Car accidents are the leading cause of death among Americans ages 5 to 34, but even a non-fatal accident can leave the lives of drivers, passengers, and pedestrians forever altered. Every year, more than 2 million people are taken to the emergency room for serious injuries sustained in traffic collisions. Here are some important facts about car accident injuries you may not have known:
· While young adults ages 16 to 20 make up less than 7% of the driving population, they are involved in about 18% of all car accidents in the United States. Americans ages 18 to 24 have the highest rate of serious injuries sustained in car accidents.
· Due to declining faculties, older people are increasingly likely to be involved in car accidents as they age; they are also at greater risk of serious injury. Drivers over the age of 85 are up to four times more likely to be hurt or killed in car accidents than teenage drivers.
· Not wearing seat belts is a leading cause of injury. Despite seat belt laws in most states requiring adults to buckle up, millions of Americans—drivers and passengers alike—do not wear seat belts, which raises the likelihood of injury or death in a car accident by as much as 50%. According to the Centers for Disease Control and Prevention, adults younger than 35 are most likely to fail to wear seat belts.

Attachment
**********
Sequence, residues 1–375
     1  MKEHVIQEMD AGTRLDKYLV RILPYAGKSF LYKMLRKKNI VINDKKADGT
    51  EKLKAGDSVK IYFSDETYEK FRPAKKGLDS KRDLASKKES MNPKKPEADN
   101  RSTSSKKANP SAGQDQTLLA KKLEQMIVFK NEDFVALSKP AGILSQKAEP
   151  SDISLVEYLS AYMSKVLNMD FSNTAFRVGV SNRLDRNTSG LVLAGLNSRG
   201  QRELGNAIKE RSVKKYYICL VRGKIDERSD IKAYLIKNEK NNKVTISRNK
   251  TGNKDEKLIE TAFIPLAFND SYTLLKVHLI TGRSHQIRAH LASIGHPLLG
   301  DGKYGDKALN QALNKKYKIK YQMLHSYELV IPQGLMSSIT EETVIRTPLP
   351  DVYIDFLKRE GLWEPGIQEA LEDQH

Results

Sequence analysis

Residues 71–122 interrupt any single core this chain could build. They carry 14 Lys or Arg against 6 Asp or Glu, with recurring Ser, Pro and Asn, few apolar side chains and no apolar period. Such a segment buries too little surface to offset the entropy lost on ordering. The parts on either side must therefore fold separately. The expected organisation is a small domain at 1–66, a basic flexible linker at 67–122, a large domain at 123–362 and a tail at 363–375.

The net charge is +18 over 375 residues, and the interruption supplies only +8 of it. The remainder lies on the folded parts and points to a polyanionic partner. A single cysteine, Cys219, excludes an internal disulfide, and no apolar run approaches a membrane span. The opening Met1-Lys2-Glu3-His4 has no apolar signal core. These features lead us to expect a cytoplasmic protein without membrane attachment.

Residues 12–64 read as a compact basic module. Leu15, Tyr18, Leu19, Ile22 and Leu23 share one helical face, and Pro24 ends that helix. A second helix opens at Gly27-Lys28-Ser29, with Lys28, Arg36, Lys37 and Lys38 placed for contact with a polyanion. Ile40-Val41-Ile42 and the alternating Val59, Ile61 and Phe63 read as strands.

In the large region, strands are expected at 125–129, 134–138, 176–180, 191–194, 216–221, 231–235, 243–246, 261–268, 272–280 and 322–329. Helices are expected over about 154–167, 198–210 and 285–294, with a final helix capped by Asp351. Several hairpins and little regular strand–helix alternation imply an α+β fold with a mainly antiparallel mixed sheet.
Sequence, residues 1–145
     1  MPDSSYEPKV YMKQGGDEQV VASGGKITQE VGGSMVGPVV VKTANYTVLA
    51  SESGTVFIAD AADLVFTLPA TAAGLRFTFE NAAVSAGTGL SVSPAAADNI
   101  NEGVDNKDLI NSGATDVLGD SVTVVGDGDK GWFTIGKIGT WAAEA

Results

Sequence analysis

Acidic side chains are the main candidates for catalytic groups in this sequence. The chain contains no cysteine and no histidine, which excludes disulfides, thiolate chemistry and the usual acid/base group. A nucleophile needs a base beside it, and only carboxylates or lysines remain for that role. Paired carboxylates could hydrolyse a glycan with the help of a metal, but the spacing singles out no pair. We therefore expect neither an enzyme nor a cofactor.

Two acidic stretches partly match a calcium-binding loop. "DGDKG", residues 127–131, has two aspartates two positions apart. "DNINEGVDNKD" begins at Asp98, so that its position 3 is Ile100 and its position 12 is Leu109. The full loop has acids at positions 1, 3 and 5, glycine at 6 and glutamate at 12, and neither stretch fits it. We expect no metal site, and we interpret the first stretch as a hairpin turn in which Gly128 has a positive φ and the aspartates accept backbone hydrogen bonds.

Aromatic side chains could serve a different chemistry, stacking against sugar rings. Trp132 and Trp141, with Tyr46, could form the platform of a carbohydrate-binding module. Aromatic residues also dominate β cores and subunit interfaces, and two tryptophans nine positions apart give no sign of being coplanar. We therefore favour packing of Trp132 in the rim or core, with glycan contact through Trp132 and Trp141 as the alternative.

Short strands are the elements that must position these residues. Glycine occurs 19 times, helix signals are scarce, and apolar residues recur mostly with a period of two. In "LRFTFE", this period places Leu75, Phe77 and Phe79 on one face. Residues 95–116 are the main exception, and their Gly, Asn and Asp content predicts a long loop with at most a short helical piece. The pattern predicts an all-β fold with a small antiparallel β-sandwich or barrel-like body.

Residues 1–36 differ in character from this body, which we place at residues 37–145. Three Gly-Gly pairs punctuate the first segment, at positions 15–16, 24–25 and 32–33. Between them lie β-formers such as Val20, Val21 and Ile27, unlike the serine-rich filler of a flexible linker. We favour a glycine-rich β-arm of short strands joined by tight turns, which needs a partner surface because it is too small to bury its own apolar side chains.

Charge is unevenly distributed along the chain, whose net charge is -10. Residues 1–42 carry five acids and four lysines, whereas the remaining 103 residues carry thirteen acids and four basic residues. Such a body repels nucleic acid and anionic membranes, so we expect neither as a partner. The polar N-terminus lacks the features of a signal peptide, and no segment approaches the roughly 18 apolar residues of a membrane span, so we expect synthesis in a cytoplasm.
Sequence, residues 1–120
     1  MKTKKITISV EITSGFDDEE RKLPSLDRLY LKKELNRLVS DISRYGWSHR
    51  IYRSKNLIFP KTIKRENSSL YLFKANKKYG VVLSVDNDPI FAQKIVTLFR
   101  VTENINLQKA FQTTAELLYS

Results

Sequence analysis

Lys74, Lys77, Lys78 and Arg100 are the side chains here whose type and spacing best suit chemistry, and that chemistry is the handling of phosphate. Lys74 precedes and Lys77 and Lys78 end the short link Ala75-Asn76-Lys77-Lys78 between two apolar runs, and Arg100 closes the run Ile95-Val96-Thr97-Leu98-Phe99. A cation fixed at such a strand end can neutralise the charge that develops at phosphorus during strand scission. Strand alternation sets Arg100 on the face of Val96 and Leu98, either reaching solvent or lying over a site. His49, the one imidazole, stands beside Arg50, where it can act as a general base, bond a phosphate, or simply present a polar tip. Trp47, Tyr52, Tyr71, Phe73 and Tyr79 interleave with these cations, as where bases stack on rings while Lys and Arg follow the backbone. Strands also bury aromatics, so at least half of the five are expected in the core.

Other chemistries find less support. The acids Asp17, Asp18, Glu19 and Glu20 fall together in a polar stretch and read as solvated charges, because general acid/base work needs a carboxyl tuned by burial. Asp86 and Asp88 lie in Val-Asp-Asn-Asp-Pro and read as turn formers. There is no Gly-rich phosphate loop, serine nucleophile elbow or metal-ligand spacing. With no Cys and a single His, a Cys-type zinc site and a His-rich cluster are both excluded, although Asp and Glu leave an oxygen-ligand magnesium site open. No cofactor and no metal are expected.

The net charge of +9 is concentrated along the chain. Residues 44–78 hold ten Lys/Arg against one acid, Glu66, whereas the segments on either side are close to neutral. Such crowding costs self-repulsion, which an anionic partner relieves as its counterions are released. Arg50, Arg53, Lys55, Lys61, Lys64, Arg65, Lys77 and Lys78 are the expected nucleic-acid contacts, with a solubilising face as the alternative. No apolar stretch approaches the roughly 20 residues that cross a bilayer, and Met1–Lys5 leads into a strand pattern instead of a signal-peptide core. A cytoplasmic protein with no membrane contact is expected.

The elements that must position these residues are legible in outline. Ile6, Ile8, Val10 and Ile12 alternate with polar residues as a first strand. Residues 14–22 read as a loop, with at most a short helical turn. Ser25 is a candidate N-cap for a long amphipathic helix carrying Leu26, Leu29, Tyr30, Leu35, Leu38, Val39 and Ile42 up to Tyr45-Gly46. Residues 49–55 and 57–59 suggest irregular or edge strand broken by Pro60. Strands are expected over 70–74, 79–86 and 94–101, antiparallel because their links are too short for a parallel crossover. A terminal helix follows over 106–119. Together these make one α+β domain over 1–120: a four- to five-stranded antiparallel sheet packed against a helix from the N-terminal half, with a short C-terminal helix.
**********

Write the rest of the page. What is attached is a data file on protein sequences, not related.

· Even wearing seat belts may not be sufficient protection for more than half of the population. According to a recent study by the American Journal of Public Health, women are much more likely than men to be injured in car accidents. The study attributes the disparity to the failure of safety systems in older cars to account for different body types and seating postures.
If you or a loved one has been badly injured in a car accident, it’s imperative that you find the right personal injury attorney to take your case. Michael Barszcz, M.D., J.D., is an Orlando personal injury attorney who practices in medical malpractice, car accidents, wrongful death, and other personal injury claims. Call (407) 843-6353 today for more information.